Amanda and Angel
- Title: AstroAlchemy
- Address: astroalchemy.com
- Author: Simone Butler
- From: Community
- Blogging since: September 2007
- Post Title: An Angel on Her Shoulder
- Post Date: December 8, 2011
I first spotted Amanda at a busy intersection not long ago. “Sober, homeless, hungry,” read her sign. Nothing new there — destitute folks populate most well-trafficked street corners in San Diego, looking for handouts. What stood out about Amanda was the air of decency about her — and the flame-point Siamese cat perched on her shoulder. I rolled down the window and handed her $5. Her eyes lit up. “Can I pet your cat?” I asked. And so our connection began.
Amanda and her husband, John, have been homeless since they lost their jobs ten months ago. Both have college degrees. Neither does drugs or alcohol. At first, they camped out by a river near other homeless folks. But their tent was stolen while they were staying in a hotel room for a couple of nights, so now they’re sleeping under a bridge. Finding work is not easy once you’re homeless. “The position has been filled” is a constant refrain. Amanda, who studied business in college, even thought about becoming a stripper. “But they wouldn’t take me because of my tattoos and stretch marks,” she says.
On an average day, Amanda makes $30 or $35 pan-handling while John looks for work. This buys food for the couple and their cat. Amanda has seen a lot in her 33 years. Kicked out of the house at 15 and pregnant by 16, she got into trouble and lost her child. Repeated attempts to gain custody failed, and uterine cancer left her unable to bear more children.
At the intersection, Amanda often gets accosted or propositioned. “It’s like being an animal in a zoo, standing out here with people pointing and staring,” she says. “It’s the most humbling thing a person can experience.” When she’s feeling down, she reads the Bible verses scrawled on the back of her sign. Words like, “He heals the brokenhearted and binds up their wounds,” remind her to keep her spirits up.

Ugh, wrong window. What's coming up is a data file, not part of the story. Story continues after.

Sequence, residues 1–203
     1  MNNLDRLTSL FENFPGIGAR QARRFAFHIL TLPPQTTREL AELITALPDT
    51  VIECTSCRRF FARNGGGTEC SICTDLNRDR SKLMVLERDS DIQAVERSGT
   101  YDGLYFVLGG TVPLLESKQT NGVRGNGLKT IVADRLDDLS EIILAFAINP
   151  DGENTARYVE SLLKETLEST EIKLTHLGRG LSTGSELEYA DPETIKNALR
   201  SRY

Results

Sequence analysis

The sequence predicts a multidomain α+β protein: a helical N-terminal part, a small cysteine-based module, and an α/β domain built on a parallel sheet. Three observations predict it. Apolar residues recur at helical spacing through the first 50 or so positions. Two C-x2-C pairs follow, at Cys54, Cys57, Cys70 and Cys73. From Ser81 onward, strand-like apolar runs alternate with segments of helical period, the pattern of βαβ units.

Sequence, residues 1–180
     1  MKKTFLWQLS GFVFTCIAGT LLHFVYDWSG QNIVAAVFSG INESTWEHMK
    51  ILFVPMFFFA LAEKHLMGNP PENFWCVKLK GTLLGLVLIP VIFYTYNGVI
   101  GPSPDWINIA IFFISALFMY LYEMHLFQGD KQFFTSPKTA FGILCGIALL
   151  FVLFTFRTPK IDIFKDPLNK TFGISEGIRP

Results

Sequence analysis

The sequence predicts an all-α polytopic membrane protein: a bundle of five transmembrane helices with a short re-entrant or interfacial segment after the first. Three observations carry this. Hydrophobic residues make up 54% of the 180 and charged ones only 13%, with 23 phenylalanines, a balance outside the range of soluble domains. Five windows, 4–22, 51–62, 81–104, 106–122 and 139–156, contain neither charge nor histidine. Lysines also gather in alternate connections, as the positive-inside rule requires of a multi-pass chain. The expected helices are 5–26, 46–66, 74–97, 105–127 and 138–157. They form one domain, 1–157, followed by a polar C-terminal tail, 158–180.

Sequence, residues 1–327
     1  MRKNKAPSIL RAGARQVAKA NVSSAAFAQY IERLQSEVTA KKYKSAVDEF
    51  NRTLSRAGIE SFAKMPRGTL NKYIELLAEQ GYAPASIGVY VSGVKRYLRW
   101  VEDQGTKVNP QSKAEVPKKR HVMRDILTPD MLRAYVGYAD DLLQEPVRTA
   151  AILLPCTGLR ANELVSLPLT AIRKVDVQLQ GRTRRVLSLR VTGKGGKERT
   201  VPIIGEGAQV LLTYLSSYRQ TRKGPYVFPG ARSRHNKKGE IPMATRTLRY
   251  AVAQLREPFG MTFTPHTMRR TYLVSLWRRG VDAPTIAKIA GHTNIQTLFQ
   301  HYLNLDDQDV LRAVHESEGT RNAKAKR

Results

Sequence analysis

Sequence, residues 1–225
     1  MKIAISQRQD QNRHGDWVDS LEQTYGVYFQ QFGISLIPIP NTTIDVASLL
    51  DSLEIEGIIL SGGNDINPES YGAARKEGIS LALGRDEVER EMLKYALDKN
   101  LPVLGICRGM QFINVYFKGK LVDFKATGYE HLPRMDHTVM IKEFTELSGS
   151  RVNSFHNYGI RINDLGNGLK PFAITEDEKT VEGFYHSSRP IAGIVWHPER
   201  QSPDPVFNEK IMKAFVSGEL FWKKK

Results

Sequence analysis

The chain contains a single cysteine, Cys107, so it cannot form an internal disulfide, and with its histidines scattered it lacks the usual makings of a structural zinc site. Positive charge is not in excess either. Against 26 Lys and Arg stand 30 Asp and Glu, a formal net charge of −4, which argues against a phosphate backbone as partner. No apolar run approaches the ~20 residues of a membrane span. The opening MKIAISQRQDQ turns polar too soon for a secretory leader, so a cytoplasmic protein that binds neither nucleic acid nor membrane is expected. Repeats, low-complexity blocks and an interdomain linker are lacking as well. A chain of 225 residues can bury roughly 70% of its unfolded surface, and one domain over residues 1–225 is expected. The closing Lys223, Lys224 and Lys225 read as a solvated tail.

Nine-month-old Angel rests patiently on Amanda’s shoulder for hours at a stretch, nuzzling her neck. Amanda takes impeccable care of her beloved kitty, and was recently overjoyed to be able to get him his shots. She and John dream of having a van to call home until they get back on their feet. Going back home to Indiana is not an option — the unemployment rate is 50 percent, and winters are fierce. “This is a better place to be homeless than there,” she sighs. But Amanda has faith that things will get better. “We’re not going to stay homeless for long.”
Post Title: The Shadow and the Psychopomp
Post Date: October 23, 2011
Baxter the therapy dog was a bridge to the next world — a psychopomp who lovingly eased others across the veil. (Meaning “guide of souls” in Greek, a psychopomp is a being, whether shaman, angel or animal, that provides safe passage to deceased souls.)
Looking more like a teddy bear than a dog, the scruffy chow mix made his rounds at San Diego Hospice until his death in 2009 at 19.
Abused as a puppy and beset with ailments, two-year-old Baxter was about to be euthanized when dog-lover Melissa Joseph got wind of his predicament and rescued him. At first, the dog was terrified of loud noises and cowered whenever he saw a broom. But after years of tender care, Baxter became patient, reliable, courageous — and exquisitely sensitive to others’ suffering.
Nicknamed “Dr. Love” by the hospice staff, Baxter made an impact on people of all backgrounds and ages — even those whom no one else could reach. Soon after cuddling with Baxter and receiving his ministrations, many patients would cross over peacefully.
Those who knew Baxter believe it was his own ailments that made him such a powerful companion to others in pain. As in the shamanic tradition, his wounds had turned him into a healer.
The psychopomp is a Scorpionic figure. Scorpio rules the Underworld — the realm of death as well as the subconscious mind. Wherever Scorpio falls in your chart shows where you have suffered deeply.